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NEA News

With 'Janus,' Corporate Interests Launch Another Attack on Workers

Supreme Court agrees to hear case that could take away the freedom of working people to join together in strong unions.
(AP Photo/Michael Conroy)
Published: September 28, 2017

janus supreme court (AP Photo/Michael Conroy)

On Thursday, the U.S. Supreme Court announced it would be taking up a case that could impose “right-to-work” on the entire public sector - the culmination of decades of attacks on working people by corporate CEOs, the wealthiest 1% and the politicians that do their bidding to rig the economy in their favor.

Twice in the last three years, the U.S. Supreme Court has been asked – and declined – to answer the fundamental question of whether the fair share fees that support strong public sector collective bargaining are constitutional. In the 2014 Harris v. Quinn case, the Court sidestepped the question and in last year’s Friedrichs v. California Teachers Association (CTA) case, the then eight Justice court deadlocked on the question leaving it unanswered.

Today, the Supreme Court took the Janus v. AFSCME case to answer the question once and for all. Specifically, the Court will decide this term if Abood v. Detroit Board of Education, the 1977 case that established the foundational precedent for fair share fees, should be overruled.

The goal of the corporate interests who are bankrolling Janus is no secret. While the petitioner, like his predecessors in Harris and Friedrichs, argues that the First Amendment prohibits fair share fees, the supporters of these challenges are only concerned with taking out the strong voice for working people and economic opportunity for all that public sector unions provide.

This assault comes at a time when unions are more important than ever. Unions provide a path to the middle class for working people – especially at a time when big corporations and the wealthiest individuals in the nation are rigging the economic rules in their favor, knocking American families and the entire U.S. economy off-balance. When union membership is high, entire communities enjoy wages that represent a fair return on their work and greater social and economic mobility.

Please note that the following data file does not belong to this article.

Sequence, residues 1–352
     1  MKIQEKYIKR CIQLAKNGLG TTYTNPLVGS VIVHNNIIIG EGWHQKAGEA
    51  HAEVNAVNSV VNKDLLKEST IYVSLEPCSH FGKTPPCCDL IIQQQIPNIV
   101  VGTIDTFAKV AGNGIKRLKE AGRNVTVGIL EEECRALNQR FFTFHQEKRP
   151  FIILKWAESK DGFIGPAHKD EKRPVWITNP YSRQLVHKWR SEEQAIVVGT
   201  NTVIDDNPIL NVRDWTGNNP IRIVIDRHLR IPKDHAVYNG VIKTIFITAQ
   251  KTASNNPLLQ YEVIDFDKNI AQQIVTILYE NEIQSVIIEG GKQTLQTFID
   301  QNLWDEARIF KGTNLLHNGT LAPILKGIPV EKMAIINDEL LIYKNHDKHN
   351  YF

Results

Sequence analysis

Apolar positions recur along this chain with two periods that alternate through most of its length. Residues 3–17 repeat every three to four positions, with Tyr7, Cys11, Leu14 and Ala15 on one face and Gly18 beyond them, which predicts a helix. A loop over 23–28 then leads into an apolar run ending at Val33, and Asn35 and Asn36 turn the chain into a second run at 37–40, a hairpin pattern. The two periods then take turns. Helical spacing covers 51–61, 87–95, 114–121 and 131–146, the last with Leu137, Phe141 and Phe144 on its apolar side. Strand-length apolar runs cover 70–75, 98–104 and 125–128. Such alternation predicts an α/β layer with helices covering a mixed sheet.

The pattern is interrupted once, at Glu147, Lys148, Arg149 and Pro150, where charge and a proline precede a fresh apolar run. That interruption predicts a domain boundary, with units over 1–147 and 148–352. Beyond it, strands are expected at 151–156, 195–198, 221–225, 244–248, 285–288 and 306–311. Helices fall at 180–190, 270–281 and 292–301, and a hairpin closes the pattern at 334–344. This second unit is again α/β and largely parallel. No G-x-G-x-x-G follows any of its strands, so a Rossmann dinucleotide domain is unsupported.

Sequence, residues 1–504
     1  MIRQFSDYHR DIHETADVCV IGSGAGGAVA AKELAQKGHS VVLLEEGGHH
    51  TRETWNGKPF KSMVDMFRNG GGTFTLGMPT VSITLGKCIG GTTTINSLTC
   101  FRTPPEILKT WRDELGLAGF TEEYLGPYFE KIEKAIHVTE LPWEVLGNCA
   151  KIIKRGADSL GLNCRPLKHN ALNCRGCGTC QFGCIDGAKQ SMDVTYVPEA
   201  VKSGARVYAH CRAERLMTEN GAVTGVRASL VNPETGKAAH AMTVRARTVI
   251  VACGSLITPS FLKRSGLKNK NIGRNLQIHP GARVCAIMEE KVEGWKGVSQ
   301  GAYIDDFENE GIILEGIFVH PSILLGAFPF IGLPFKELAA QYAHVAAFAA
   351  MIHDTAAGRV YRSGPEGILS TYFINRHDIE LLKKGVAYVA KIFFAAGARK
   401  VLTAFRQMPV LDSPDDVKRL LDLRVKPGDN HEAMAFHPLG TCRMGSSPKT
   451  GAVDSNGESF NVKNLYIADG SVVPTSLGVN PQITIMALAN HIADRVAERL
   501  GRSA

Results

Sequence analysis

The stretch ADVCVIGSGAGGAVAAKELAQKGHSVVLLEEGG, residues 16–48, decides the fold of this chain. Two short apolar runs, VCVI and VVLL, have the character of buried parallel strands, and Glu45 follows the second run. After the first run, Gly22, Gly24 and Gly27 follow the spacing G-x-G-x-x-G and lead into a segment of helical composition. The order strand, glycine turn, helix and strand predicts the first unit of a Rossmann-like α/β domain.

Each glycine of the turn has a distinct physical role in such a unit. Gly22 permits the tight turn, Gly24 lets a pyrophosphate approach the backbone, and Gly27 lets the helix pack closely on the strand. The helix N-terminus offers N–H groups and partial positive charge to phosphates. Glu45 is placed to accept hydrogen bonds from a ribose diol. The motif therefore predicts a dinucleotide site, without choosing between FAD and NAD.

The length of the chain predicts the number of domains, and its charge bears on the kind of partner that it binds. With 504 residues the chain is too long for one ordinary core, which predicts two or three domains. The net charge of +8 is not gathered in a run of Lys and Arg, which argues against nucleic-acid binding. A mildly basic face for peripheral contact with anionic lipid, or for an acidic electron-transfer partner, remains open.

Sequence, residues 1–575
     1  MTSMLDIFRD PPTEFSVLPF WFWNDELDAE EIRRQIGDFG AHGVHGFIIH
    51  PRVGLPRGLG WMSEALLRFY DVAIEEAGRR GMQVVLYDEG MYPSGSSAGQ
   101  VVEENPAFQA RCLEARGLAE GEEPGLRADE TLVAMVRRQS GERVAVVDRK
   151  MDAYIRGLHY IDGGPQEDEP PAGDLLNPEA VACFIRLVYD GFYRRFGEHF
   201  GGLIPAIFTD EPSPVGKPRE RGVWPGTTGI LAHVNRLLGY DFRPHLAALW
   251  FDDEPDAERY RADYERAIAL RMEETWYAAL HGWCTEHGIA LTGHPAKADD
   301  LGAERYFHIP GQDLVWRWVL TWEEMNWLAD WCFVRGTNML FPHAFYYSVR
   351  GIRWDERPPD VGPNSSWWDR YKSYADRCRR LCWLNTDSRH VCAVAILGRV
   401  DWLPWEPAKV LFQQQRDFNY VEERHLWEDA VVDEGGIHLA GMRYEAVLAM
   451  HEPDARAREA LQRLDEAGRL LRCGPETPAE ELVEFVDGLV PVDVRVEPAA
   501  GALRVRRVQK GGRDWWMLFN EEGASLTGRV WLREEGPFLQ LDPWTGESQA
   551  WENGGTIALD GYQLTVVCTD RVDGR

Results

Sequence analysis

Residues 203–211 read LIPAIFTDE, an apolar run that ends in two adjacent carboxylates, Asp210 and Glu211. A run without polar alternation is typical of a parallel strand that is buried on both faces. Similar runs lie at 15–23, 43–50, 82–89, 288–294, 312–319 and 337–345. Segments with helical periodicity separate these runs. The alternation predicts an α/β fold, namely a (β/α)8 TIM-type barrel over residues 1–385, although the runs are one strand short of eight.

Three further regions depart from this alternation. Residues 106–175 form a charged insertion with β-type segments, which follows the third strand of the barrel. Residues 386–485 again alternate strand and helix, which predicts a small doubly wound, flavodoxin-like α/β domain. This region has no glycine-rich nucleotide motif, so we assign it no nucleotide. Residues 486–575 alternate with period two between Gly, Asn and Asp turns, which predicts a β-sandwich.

And Americans know it. New Gallup research shows that more than 3 in 5 Americans have a favorable view of unions - the highest level in nearly 15 years. Support is even stronger among young people.

“For decades corporate CEO’s and the wealthy have fought to enrich themselves at the expense of the rights and pocket books of working people, and that harms families in communities across the country," said National Education President Lily Eskelsen García. "As the nation’s largest union, this fight not only hurts our members, but also the families of the children we educate."

The Agenda Behind the Case

In 2018, the Supreme Court will decide if 'Abood v. Detroit Board of Education,' the 1977 case that established the foundational precedent for fair share fees, should be overruled.